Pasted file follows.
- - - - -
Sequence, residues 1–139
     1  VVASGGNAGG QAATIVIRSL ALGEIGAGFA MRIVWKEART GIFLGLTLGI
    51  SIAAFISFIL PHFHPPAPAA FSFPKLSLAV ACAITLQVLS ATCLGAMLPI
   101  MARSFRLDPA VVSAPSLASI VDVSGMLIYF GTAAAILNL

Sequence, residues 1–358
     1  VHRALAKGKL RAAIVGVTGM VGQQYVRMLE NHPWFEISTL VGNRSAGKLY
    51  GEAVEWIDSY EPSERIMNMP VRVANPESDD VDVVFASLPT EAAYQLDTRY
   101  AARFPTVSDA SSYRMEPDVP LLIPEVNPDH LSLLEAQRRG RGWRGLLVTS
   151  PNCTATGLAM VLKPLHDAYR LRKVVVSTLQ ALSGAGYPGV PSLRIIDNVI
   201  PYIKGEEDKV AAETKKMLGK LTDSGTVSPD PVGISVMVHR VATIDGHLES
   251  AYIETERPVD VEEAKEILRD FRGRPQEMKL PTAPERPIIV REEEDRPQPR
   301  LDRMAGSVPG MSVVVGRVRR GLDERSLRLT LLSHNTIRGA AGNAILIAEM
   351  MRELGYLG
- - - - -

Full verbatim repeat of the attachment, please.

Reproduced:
Sequence, residues 1–139
     1  VVASGGNAGG QAATIVIRSL ALGEIGAGFA MRIVWKEART GIFLGLTLGI
    51  SIAAFISFIL PHFHPPAPAA FSFPKLSLAV ACAITLQVLS ATCLGAMLPI
   101  MARSFRLDPA VVSAPSLASI VDVSGMLIYF GTAAAILNL

Sequence, residues 1–358
     1  VHRALAKGKL RAAIVGVTGM VGQQYVRMLE NHPWFEISTL VGNRSAGKLY
    51  GEAVEWIDSY EPSERIMNMP VRVANPESDD VDVVFASLPT EAAYQLDTRY
   101  AARFPTVSDA SSYRMEPDVP LLIPEVNPDH LSLLEAQRRG RGWRGLLVTS
   151  PNCTATGLAM VLKPLHDAYR LRKVVVSTLQ ALSGAGYPGV PSLRIIDNVI
   201  PYIKGEEDKV AAETKKMLGK LTDSGTVSPD PVGISVMVHR VATIDGHLES
   251  AYIETERPVD VEEAKEILRD FRGRPQEMKL PTAPERPIIV REEEDRPQPR
   301  LDRMAGSVPG MSVVVGRVRR GLDERSLRLT LLSHNTIRGA AGNAILIAEM
   351  MRELGYLG